Alchemy is the framework that makes your editors and authors happy, and saves time for everyone using the Tridion CMS Editor interface. A full plugin GUI framework created by Alex Klock and supported by Content Bloom, this is the framework you’ll install in 2017 to impress your content authoring team. The only requirement is that you use Tridion 2013 or SDL Web 8.

Installing the framework takes minutes, thanks to the nice MSI install, and it’s a 1 time install on the CMS server. The installer can be downloaded from here, just need to register first,  https://www.alchemywebstore.com/ See how easy it is with this video from John Winter, http://www.tridiondeveloper.com/how-to-install-and-uninstall-alchemy-for-tridion-web

Alex Klock and Tanner Brine  presented Alchemy at the Tridion Developer Summit 2015 and the video can be seen here, http://2015.tridiondevelopersummit.com/2015/home/transmute-tridion-into-the-lean-green-content-management-machine-of-your-dreams-with-alchemy4tridion/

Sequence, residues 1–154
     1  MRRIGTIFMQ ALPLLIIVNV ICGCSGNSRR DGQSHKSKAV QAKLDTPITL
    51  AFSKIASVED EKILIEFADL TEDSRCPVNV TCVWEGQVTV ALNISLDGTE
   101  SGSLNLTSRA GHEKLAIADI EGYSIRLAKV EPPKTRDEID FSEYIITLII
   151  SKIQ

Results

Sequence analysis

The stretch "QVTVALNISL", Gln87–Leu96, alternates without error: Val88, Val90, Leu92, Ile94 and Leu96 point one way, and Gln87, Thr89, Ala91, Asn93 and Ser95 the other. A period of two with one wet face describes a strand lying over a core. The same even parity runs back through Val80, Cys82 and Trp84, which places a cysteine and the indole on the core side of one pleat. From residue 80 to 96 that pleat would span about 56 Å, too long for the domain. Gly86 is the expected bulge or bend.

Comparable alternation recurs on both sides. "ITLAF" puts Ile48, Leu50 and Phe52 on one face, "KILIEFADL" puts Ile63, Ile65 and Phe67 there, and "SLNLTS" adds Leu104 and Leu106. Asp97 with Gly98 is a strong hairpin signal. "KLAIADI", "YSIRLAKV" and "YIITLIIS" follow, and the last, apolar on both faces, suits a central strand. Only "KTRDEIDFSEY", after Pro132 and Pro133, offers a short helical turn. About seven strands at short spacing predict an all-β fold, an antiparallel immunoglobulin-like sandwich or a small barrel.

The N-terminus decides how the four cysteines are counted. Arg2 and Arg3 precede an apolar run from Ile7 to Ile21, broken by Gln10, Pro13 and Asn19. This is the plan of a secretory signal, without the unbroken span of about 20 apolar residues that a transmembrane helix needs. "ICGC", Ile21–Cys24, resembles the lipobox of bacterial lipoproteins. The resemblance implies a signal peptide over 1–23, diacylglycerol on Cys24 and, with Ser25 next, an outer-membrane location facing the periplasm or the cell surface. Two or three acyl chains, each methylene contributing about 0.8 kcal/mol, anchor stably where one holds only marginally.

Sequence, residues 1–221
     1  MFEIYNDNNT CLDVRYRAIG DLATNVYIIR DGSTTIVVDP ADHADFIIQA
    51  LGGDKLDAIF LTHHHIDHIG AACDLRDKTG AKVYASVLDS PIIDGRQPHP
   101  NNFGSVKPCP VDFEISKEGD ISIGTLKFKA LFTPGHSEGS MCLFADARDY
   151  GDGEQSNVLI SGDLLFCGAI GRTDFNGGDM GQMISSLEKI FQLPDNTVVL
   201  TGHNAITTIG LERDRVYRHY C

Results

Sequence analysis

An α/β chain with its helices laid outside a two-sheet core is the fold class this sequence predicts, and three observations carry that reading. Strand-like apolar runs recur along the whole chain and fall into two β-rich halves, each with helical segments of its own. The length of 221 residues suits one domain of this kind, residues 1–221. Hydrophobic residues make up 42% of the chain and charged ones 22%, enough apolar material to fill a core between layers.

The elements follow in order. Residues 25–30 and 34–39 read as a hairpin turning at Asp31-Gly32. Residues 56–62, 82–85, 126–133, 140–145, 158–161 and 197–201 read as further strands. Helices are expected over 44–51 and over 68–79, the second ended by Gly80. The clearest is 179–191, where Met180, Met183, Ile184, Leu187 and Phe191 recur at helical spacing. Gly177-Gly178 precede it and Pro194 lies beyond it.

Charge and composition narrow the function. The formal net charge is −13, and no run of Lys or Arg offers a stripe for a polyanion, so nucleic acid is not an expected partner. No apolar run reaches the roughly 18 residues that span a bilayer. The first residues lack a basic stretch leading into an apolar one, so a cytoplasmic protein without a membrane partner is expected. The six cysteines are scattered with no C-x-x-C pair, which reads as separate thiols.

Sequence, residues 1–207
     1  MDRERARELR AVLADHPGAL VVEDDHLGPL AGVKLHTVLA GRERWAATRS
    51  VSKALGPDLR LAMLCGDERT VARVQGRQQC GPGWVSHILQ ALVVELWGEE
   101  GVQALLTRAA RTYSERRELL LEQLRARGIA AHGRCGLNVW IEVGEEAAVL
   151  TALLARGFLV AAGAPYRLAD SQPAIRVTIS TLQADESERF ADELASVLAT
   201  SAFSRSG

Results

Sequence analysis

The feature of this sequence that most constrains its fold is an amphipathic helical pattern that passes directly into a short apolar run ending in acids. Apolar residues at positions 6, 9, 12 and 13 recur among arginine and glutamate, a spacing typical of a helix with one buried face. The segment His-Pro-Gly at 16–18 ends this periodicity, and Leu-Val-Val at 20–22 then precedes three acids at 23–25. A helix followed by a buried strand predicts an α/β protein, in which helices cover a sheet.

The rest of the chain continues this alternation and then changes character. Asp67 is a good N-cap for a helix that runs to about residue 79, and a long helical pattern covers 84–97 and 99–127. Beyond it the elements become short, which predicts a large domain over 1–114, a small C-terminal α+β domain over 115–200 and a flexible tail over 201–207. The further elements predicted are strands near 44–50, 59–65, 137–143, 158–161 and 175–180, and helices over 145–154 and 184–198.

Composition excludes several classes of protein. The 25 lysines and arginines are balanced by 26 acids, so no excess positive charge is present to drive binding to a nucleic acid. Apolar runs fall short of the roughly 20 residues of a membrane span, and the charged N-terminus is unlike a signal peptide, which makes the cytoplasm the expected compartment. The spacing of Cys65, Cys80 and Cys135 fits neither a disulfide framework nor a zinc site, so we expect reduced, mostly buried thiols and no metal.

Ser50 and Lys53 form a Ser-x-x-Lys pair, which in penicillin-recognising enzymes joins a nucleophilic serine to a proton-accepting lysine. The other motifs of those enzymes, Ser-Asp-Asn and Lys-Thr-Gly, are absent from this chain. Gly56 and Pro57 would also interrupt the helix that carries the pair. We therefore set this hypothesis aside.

This year the Alchemy Webstore  saw a lot of nice improvements and is a really easy to use one-stop-shop for finding all your Alchemy community plugins. As of now, all plugins are free, and can be used in your project without worries. Several new plugins arrived this year, including ‘CommonKeyboardShortcuts’ (https://www.alchemywebstore.com/plugins/CommonKeyboardShortcuts), Save Close Publish Page, (https://www.alchemywebstore.com/plugins/Save-Close-Publish-Page), and Peek (https://www.alchemywebstore.com/plugins/Peek).

Another reason to use Alchemy is the excellent packaging model, with .A4T files, and easy drag-n-drop deployment of the plugins you write. So, if you haven’t given it a spin, please do so now.

And, if you’d like to watch some video tutorials to help get you started, check out the amazing Alchemy Code Dojo presented by John Winter here, where he builds an Alchemy plugin from scratch in front of a live audience, https://vimeo.com/170368377

In case you can’t get enough of John or videos, check out the excellent series below on creating an Alchemy plugin:

Creating an Alchemy Plugin: Step 1 – The tools, http://www.tridiondeveloper.com/creating-an-alchemy-plugin-step-1-the-tools